Nude Dancing, Zoning, And The First Amendment

September 7, 2010

Domenique Brazier, owner of 500 North Avenue LLC,  has filed a lawsuit in U.S. District Court claiming that the city of Bridgeport’s restriction on the location of adult entertainment businesses violates the First and 14th Amendments.  Her lawyer, Daniel A. Silver, stated that “nude dancing is protected speech.”

The Supreme Court has recognized that nude dancing is entitled to some sort of free speech protection dating back to the 1972 case of California v. Larue. Although the court ruled against the club in that case,  Justice Rehnquist’s majority opinion did note that “at least some of the performances to which these regulations address themselves are within the limits of the constitutional protection of freedom of expression.”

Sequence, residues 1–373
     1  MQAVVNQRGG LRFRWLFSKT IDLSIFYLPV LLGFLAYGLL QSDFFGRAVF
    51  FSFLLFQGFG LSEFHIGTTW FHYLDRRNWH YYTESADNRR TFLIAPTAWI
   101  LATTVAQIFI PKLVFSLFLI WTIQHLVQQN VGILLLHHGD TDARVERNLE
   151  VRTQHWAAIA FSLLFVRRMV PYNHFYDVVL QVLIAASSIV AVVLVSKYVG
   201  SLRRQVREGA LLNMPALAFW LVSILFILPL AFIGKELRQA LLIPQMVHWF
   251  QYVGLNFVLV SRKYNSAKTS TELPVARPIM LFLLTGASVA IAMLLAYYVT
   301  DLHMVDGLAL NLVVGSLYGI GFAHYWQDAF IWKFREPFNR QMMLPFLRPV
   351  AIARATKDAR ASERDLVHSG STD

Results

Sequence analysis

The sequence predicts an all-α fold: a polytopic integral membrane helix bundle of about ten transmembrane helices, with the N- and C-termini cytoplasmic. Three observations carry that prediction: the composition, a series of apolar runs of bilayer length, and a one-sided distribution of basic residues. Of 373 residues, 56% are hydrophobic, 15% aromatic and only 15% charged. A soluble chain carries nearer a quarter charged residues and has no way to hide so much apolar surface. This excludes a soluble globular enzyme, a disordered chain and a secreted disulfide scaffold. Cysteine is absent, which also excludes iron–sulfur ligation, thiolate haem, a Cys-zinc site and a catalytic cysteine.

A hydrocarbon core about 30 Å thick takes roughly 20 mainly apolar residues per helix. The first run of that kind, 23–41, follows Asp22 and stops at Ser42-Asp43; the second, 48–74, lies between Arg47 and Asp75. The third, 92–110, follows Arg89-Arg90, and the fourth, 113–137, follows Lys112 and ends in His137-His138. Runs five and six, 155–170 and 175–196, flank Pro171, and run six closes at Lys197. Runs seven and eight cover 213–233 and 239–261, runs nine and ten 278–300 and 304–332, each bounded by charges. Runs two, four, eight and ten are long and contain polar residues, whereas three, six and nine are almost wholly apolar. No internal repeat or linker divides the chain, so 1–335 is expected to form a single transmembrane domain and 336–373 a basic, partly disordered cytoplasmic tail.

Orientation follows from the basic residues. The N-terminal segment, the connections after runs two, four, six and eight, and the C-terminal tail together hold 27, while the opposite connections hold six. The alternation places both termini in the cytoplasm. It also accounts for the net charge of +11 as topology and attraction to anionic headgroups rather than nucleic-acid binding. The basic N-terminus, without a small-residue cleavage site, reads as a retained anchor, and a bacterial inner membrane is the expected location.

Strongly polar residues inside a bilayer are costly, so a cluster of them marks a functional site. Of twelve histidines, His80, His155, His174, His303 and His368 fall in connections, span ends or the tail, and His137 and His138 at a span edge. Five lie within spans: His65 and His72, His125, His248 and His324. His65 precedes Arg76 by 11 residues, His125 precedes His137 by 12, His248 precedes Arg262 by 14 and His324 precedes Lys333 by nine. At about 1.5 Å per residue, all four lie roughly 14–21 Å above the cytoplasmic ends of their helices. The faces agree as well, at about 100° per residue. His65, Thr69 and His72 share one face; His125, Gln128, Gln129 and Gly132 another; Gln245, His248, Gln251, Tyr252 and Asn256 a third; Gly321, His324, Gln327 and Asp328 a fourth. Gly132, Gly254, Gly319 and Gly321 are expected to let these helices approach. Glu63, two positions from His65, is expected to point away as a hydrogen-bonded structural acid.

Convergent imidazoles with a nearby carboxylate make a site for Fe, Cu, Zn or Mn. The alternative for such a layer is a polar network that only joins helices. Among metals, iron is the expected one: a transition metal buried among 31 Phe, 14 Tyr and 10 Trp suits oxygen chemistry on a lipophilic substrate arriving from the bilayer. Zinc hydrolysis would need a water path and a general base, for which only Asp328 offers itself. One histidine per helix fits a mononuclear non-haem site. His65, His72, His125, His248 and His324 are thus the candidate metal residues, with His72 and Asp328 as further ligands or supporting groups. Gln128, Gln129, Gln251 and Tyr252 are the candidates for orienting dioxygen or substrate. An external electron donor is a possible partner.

For a complete analysis of how the courts address the balancing of first amendment issues and municipality’s zoning powers, read the First Amendment Center’s analysis.

NYU Law Professor Amy Adler presented her views on this whole topic in her 2009 talk at the University of Virginia’s Feminist Legal Forum.  Adler believes the Supreme Court decisions regarding nude dancing involve “an element of madness in them, they’re sort of crazy, crazy text . . . almost requiring treatment and analysis.”  She believes the decisions only make sense when considered “as not only First Amendment cases, but as cases that occupy the highly charged terrain of female power and sexuality.”

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